After strong night, an ebullient Hillary Clinton pledges to unify Democratic Party

Bringing in Sanders' supporters becomes new priority for Hillary Clinton

David Usborne
New York
Wednesday 27 April 2016 03:11
Comments
Hillary Clinton thanked her supporters after being declared winner in three states
Hillary Clinton thanked her supporters after being declared winner in three states

Celebrating another strong night of primary victories, an ebullient Hillary Clinton sought to paper over the schisms that her rivalry with Senator Bernie Sanders has exposed in the ranks of the Democratic Party insisting that “there is much more that unites us than divides us”.

While Ms Clinton did not mirror Donald Trump’s clean sweep of all five states voting on Tuesday - Pennsylvania, Maryland, Connecticut, Delaware and Rhode Island - she was set to win at least three. Mr Sanders took Rhode Island; the race in Connecticut remained too close to call.

But Camp Clinton knew that the night was essentially theirs, not least because it will see the former first lady extend her delegate lead in the race for the Democratic nomination, which at this point more or less makes it impossible for Mr Sanders to deny her the brass ring.

She gave her victory speech in Philadelphia, the city that the United States was born in. It is also the city that will play host to the Democratic Convention in July. “We are going come back to Philadelphia for the Democratic national convention with the most votes and the most pledged delegates,” she declared. “We’ll unify our party to win this election.”

If she attempted to reach out to the supporters of Mr Sanders with her message of unity - repeatedly praising the campaign of the Vermont Senator - Ms Clinton was also not ignoring Donald Trump, whom she is likely to meet in the general election in November.

“Mr Trump accused me of playing the woman card,” she noted, before instantly barreling on with a tart riposte, her husband, former President Bill Clinton, watching from the sidelines with a wide smilie on his face: “If fighting for women’s health care and paid family leave and equal pay is playing the woman card then then deal me in!”

If Ms Clinton rarely meets the standards of rhetoric and political mastery of her husband, she delivered something close to a soaring speech on Tuesday night, almost a trial run of the speech she hopes she will be able to deliver in July at the convention, when the target will not be Mr Sanders but the Republican nominee, probably Mr Trump.

“Imagine a tomorrow,” she told her cheering supporters, “when love trumps hate”. She added: “Imagine a tomorrow where instead of building walls, we’re break down barriers”.

She also acknowledged the frustration among American voters with government and Washington, which has fueled the insurgent campaigns not just of Mr Sanders but also of Mr Trump. “Our campaign is about restoring peoples confidence in our ability to solve problems together by delivering results that help people follow their own dreams,” Ms Clinton said. “We have to be both dreamers and doers.”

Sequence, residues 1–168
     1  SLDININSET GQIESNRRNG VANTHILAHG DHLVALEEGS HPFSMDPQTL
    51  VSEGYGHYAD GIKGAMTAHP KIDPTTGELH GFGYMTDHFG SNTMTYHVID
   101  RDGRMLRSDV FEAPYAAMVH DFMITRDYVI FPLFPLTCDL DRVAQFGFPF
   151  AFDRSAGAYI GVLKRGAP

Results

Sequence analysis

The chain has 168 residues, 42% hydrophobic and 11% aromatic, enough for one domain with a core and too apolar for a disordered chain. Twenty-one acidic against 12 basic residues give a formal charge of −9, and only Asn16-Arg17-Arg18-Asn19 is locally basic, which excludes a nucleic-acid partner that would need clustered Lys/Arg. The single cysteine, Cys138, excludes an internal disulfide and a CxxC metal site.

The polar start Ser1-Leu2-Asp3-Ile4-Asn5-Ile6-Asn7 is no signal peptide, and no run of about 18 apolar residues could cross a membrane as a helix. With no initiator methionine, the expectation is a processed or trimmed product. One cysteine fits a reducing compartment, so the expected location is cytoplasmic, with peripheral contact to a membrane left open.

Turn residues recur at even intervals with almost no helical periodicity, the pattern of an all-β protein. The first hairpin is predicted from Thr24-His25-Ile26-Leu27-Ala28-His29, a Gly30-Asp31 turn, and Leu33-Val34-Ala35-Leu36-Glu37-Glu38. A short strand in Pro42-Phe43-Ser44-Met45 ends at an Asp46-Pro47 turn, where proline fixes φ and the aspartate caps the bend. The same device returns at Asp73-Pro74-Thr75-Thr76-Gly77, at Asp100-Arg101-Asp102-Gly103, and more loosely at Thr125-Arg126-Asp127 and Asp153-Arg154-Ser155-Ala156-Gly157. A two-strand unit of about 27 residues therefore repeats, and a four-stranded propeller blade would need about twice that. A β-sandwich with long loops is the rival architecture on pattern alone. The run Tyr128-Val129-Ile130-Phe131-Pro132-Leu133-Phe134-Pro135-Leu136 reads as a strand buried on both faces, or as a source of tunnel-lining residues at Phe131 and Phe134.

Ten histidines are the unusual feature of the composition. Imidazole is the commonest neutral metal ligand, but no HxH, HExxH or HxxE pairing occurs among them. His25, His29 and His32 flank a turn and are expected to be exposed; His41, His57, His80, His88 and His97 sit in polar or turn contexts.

As for her Democratic rival, she spared little praise, a change from weeks of often toxic exchanges between them. “I applaud Senator Sanders and his millions of supporters for challenging us to get unaccountable money out of our politics and giving greater emphasis to closing the gap of inequality and I know tougher we will get that done,” she proclaimed.

Ms Clinton then identified may of the main themes of the Sanders campaign. “We all agree that wages are too low and inequality is too high, Wall Street can never be allowed to threaten Main Street and we should expand Social Security not cut or privatise it. We Democrats agree that college should be affordable to all and student debt shouldn't hold anyone back. We Democrats agree that every single American should and must have quality affordable healthcare.”

Register for free to continue reading

Registration is a free and easy way to support our truly independent journalism

By registering, you will also enjoy limited access to Premium articles, exclusive newsletters, commenting, and virtual events with our leading journalists

Please enter a valid email
Please enter a valid email
Must be at least 6 characters, include an upper and lower case character and a number
Must be at least 6 characters, include an upper and lower case character and a number
Must be at least 6 characters, include an upper and lower case character and a number
Please enter your first name
Special characters aren’t allowed
Please enter a name between 1 and 40 characters
Please enter your last name
Special characters aren’t allowed
Please enter a name between 1 and 40 characters
You must be over 18 years old to register
You must be over 18 years old to register
Opt-out-policy
You can opt-out at any time by signing in to your account to manage your preferences. Each email has a link to unsubscribe.

Already have an account? sign in

By clicking ‘Register’ you confirm that your data has been entered correctly and you have read and agree to our Terms of use, Cookie policy and Privacy notice.

This site is protected by reCAPTCHA and the Google Privacy policy and Terms of service apply.

Join our new commenting forum

Join thought-provoking conversations, follow other Independent readers and see their replies

Comments

Thank you for registering

Please refresh the page or navigate to another page on the site to be automatically logged in